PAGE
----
Poor sleep increases the risk of heart attacks. A recent study suggests that 6 hours is the minimum amount of night sleep that contributes to the preservation of heart health.
The study found that chronic sleep deprivation and poor sleep quality increases the accumulation of fatty plaques on the artery walls – a condition known as atherosclerosis. It increases the risk of heart attacks and strokes.
Lead author Jose Ordovas (Jose Ordovas) notes that there are many ways to prevent cardiovascular diseases, including “drugs, physical activity and diet.” “But our research emphasizes that we should consider sleep as one of the measures to prevent heart disease, and we underestimate it every day.”
Ordovas is a researcher at the National Center for Cardiovascular Research (National Center for Cardiovascular Research) in Madrid (Spain).
In their study, a team of scientists using ultrasound and scans obtained by computed tomography, monitored the condition of the arteries of approximately 4,000 adult Spaniards. The average age of study participants was 46 years old, and at the time they began work, they did not have a cardiac pathology.
Ordovas and his colleagues reported that, although the study could not prove the cause and effect, people who slept at night for less than 6 hours had a 27% higher chance of developing atherosclerosis in the whole body compared with those participants who spent sleep at night 7 -8 ocloc’k.
However, excess sleep in the heart is also harmful. The study noted that women who slept at night for more than 8 hours had an increased risk of developing atherosclerosis.
Participants in the study who had poor sleep quality – frequent waking ups, difficulty falling asleep – also had an increased risk of developing atherosclerosis (34% more than people who do not have similar sleep problems).
The work was published on January 14 in the Journal of the American College of Cardiology.
“This is the first study in which it is shown that objectively measured sleep is independently associated with atherosclerosis not only of the heart, but of the whole organism,” Ordovas said in a press release of the magazine. He is also the head of the Nutrition and Genomics Department at the Jean Mayer USDA Human Nutrition Research Center on Aging, which is located in Boston at Tufts University, of the Gene Mayer Research Center on Human Nutrition and its Aging.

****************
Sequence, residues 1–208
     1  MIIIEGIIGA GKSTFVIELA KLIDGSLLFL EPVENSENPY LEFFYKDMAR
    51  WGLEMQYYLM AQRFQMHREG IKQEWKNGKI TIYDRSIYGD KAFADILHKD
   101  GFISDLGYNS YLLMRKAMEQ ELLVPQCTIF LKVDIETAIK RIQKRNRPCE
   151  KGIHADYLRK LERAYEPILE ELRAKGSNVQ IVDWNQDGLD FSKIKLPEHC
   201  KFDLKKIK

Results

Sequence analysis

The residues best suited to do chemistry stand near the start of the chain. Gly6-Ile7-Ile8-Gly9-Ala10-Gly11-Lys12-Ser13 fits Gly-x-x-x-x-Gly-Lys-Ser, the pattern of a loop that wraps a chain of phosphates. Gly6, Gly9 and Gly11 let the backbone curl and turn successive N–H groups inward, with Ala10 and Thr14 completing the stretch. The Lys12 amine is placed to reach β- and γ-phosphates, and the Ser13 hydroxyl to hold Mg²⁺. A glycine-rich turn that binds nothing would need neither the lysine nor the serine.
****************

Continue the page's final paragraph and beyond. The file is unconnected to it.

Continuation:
Ordovas reported that people who slept little or had poor sleep quality tended to consume higher doses of caffeine and alcohol.
“Many people believe that alcohol is a good means for falling asleep, but in fact it has the opposite effect,” says the scientist. “After drinking alcohol, a short sleep period is replaced by awakening and subsequent difficulties in falling asleep.” And if a person falls asleep again, then often this dream has a bad quality. ”
Two American experts agreed that sleep is a key component of cardiovascular health.
Although the direct causal relationship between sleep and heart health remains unclear, “focusing on sleep habits is finally becoming recognized in the medical world as an important factor for improving heart health,” says Dr. Eugenia Gianos. She directs the Department of Cardiac Pathology in Women at Lenox Hill Hospital in New York.
Janos believes that the behavior in a person’s wakefulness hours can explain the connection between sleep and heart health. She notes that patients with good sleep quality have more energy to be physically active, choose healthy foods and better cope with stress.
Dr. Thomas Kilkenny (Thomas Kilkenny) leads the sleep study department at Staten Island University University Hospital in New York. According to him, the new study “opens the door to further scientific research in order to identify the causes and effects between poor sleep quality and the development of atherosclerosis.”
“Meanwhile, physicians should constantly evaluate the quality of sleep of patients and emphasize the need for 6-8 hours of sleep for them,” Kilkenny said.Related Articles :